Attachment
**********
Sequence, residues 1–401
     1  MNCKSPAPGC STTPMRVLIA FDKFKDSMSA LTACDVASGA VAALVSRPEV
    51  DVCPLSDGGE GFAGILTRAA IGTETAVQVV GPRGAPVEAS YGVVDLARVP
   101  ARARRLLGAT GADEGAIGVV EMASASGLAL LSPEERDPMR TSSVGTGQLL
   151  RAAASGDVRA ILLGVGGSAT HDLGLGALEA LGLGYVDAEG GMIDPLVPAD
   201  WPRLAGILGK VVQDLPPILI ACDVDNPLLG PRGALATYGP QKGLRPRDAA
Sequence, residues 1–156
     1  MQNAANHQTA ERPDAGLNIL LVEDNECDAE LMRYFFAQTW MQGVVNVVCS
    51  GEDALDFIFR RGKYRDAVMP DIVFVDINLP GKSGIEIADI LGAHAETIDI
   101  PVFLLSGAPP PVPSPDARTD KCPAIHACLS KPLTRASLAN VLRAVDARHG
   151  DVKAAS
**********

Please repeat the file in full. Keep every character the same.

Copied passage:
Sequence, residues 1–401
     1  MNCKSPAPGC STTPMRVLIA FDKFKDSMSA LTACDVASGA VAALVSRPEV
    51  DVCPLSDGGE GFAGILTRAA IGTETAVQVV GPRGAPVEAS YGVVDLARVP
   101  ARARRLLGAT GADEGAIGVV EMASASGLAL LSPEERDPMR TSSVGTGQLL
   151  RAAASGDVRA ILLGVGGSAT HDLGLGALEA LGLGYVDAEG GMIDPLVPAD
   201  WPRLAGILGK VVQDLPPILI ACDVDNPLLG PRGALATYGP QKGLRPRDAA
Sequence, residues 1–156
     1  MQNAANHQTA ERPDAGLNIL LVEDNECDAE LMRYFFAQTW MQGVVNVVCS
    51  GEDALDFIFR RGKYRDAVMP DIVFVDINLP GKSGIEIADI LGAHAETIDI
   101  PVFLLSGAPP PVPSPDARTD KCPAIHACLS KPLTRASLAN VLRAVDARHG
   151  DVKAAS